Most individuals that struggle with infertility will tell you that holidays are hard. I’m one of them. They are an annual marker of more time passed, and I’m still not a mama.
This Thanksgiving was definitely more joyful than previous ones, however, as we spent much of it filling out adoption study paperwork!
I indicated in my last post that we were re-considering domestic adoption, as well as an international adoption, with a new agency. We were pre-approved for Bulgaria, Colombia, Ethiopia, Ghana, Hong Kong, and Uganda. We could also choose to adopt from South Korea or South Africa. God used a variety of factors to lead us to international adoption (again).
The week before Thanksgiving, we submitted our formal application, received formal approval, and made our first payment to our agency. The services contract and notice of privacy practices were printed, signed, and mailed out. Once again, we’re in this for real!
Last Friday, we got a call from our social worker asking if we would be able to get one of our home visits done on Tuesday. Um, yes! Our agency’s “local” office is over three hours away, but she was going to be in our area. That worked out so nicely! She was here from seven o’clock to about eight-thirty.
We felt very comfortable with her and were able to get quite a bit of work done on our home study! We signed their discipline policy, statement of faith, and a host of other papers that I can’t remember. She went through some of the early phases of interviews, which including asking us what led us to pursue international adoption, what led us to where we live now, our support networks, and what we know about international adoption. I was very proud and encouraged by her responses. She said that our perceptions were wonderful and that she is excited for us! Our social worker also did the walk-through of our home already. We knew it was a possibility, so we had cleaned and straightened things up and whatnot. Honestly, it was very laid back and comfortable, and the state of my home didn’t seem to be a big deal. She was looked at every room, asked where our future child’s room would be, and wanted to ensure that we had enough smoke detectors. It was impressive to her that we had a carbon monoxide detector. And that was it!
Of course, we have much more work ahead of us. We have to send our background check authorizations to every state we’ve lived in over the past five years (that would be four of them). There are physical forms to be completed at the doctor’s office, big questionnaires with invasive questions, a health insurance affidavit, a financial checklist, family history forms, and a few more things I’m forgetting. We will also need to decide who we will name as legal guardians for our child should we die – that’s going to be a tough one. I honestly had never thought of that, but it makes sense that they need that information! Meanwhile, our social worker will be contacting our personal, work, and pastor references and scheduling two or three more interviews with us. Finally (I think?) we have to complete 30 hours of adoptive parent education throughout this entire process, and at least 10 hours must be done be the home study can be complete. Education hours can be completed in a variety of ways: Adoption seminars, reading books, webinars, talking with other adoptive families, etc.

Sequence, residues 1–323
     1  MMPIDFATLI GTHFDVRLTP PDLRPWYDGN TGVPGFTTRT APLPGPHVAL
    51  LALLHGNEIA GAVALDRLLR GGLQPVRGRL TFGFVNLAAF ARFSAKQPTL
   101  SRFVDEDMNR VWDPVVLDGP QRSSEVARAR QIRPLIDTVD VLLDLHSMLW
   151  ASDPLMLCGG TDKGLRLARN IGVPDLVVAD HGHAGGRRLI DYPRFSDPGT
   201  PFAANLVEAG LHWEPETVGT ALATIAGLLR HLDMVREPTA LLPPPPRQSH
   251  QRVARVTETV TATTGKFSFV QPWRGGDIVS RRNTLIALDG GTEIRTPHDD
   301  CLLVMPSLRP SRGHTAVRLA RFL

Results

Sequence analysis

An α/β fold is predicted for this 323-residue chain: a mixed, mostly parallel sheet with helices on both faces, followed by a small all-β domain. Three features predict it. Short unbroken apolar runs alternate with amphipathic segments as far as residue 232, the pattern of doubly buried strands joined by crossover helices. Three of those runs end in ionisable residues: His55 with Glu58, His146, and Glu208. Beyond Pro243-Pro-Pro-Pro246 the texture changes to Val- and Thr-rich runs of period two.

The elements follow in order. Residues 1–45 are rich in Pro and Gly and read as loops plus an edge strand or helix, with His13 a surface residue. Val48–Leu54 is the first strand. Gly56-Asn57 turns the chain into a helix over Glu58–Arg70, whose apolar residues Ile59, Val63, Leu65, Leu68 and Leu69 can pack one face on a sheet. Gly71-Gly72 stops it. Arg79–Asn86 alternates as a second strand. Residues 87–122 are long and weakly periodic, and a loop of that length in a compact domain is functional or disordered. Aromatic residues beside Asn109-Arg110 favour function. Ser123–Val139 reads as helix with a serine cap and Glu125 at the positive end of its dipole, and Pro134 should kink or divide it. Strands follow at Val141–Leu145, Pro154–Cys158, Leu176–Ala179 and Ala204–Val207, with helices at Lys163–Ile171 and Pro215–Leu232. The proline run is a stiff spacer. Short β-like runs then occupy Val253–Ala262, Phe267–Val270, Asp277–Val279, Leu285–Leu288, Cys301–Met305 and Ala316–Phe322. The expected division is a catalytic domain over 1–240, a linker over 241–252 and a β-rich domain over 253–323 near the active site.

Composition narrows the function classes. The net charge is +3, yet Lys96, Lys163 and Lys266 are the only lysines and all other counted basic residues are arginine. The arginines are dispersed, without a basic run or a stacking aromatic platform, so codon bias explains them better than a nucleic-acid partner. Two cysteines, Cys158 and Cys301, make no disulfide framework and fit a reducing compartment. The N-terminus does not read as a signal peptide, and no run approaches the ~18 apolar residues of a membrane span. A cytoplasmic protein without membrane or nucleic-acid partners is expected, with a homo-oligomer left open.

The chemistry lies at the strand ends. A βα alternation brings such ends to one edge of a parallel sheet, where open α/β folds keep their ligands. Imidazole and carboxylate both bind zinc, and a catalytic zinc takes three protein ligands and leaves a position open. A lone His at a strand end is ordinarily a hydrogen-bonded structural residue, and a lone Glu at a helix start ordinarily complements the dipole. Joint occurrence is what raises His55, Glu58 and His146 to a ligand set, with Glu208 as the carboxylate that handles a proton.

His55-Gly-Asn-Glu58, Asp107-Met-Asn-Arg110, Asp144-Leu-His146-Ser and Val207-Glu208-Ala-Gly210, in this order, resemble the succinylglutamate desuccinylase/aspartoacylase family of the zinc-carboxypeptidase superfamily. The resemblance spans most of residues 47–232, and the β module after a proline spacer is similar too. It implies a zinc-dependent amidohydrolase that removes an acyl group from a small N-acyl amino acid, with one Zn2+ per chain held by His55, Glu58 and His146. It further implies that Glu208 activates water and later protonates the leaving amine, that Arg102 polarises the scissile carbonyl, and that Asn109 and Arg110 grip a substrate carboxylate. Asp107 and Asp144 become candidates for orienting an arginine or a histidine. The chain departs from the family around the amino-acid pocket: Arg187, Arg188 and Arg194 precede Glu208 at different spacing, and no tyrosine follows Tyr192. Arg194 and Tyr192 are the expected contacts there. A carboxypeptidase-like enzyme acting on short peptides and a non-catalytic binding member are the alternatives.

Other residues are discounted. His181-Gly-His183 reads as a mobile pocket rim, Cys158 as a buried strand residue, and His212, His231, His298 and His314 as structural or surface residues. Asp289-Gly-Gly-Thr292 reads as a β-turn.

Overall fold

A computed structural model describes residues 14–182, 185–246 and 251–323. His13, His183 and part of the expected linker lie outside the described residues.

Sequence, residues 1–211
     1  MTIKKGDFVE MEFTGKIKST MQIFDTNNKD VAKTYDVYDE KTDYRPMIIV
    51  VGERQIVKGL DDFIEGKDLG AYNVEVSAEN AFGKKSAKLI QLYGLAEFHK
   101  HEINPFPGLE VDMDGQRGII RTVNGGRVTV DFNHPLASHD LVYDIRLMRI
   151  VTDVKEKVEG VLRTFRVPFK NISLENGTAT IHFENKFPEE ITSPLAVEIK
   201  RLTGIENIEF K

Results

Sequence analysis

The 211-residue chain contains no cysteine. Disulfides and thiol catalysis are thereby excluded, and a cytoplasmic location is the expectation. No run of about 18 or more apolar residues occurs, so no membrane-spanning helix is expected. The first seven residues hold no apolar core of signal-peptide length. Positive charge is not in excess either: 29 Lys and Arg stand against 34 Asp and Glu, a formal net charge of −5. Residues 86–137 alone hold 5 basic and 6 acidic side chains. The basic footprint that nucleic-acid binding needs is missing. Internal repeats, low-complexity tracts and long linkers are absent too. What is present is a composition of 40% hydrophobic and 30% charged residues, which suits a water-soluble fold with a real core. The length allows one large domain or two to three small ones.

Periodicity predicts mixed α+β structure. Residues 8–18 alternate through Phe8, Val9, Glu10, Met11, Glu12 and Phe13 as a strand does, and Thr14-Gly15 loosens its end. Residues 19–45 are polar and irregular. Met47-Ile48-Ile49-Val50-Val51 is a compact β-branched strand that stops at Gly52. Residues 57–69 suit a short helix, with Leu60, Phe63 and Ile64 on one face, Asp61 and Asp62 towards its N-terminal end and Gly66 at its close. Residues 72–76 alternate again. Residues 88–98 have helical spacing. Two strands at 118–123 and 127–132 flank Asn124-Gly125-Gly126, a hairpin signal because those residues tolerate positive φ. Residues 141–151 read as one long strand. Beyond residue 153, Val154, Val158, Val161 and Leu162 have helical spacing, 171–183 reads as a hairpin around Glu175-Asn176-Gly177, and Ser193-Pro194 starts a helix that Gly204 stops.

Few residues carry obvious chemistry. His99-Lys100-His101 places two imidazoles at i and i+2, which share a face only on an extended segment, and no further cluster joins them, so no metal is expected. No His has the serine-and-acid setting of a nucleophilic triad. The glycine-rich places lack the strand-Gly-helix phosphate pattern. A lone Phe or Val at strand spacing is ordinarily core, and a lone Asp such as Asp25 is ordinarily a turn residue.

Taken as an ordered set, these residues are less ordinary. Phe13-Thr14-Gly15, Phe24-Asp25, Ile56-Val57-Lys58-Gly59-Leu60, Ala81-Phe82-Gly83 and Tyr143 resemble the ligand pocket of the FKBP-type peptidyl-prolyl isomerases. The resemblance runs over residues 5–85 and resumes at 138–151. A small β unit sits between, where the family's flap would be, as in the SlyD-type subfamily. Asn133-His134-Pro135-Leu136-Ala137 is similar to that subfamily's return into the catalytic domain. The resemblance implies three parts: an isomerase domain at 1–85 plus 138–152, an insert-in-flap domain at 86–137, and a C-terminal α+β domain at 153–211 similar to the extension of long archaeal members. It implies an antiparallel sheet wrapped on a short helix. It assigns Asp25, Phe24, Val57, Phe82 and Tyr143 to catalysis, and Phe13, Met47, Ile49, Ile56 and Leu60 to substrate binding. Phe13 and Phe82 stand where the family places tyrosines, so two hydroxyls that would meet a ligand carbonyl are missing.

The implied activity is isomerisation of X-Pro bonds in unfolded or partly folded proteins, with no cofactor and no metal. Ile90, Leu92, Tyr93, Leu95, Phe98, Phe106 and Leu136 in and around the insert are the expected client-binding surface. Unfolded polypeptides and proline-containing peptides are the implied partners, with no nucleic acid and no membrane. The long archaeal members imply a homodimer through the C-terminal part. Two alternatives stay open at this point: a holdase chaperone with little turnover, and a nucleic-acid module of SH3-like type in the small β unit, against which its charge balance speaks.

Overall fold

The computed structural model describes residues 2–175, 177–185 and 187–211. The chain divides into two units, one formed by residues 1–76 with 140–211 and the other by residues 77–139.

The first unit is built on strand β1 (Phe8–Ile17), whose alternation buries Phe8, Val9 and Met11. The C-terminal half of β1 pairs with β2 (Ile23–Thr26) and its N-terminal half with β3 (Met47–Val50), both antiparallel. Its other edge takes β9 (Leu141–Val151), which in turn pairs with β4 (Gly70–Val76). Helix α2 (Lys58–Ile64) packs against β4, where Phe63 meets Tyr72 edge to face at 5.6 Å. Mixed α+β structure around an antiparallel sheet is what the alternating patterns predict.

Of course, we also need to do this little thing called “making a decision” on what country to adopt from. It’s going to be tough. We have been able to eliminate Colombia, Ghana, and South Africa from consideration as we cannot fulfill their travel requirements. Bulgaria and Ethiopia are out as the ages of their adoptable children aren't very compatible with the ages we are seeking.
That leaves us with Uganda, South Korea, and Hong Kong. All three contenders have advantages as well as significant challenges for us. Next week, I will be calling our agency’s program coordinators for these countries to get further information. Our social worker will also be sending us a medical conditions checklist that may help us determine what special needs we can consider, which may also help us determine which country has those types of children.
Once our home study is complete, I will begin getting some grant applications submitted. I know I've stopped doing updates on our adoption fund, but it’s around $16,000 right now (we spent $300 on application fees with our first agency, $550 to apply with our agency, $110 on renewing my passport and $140 on a passport for my husband). We are looking at spending somewhere between $20,000 and $38,000 on this entire process, so we will need to find a way to come up with more funds.
In closing, we are certainly thankful today. We are thankful for the transition from ‘infertile/unknown’ to ‘prospective adoptive parents.’ We realize that we are VERY fortunate to have saved a good amount towards our adoption at this point. God is so generous. For all He has blessed us with, for the ultimate blessing of His Son, Jesus, and simply for who He is – we give thanks to Him.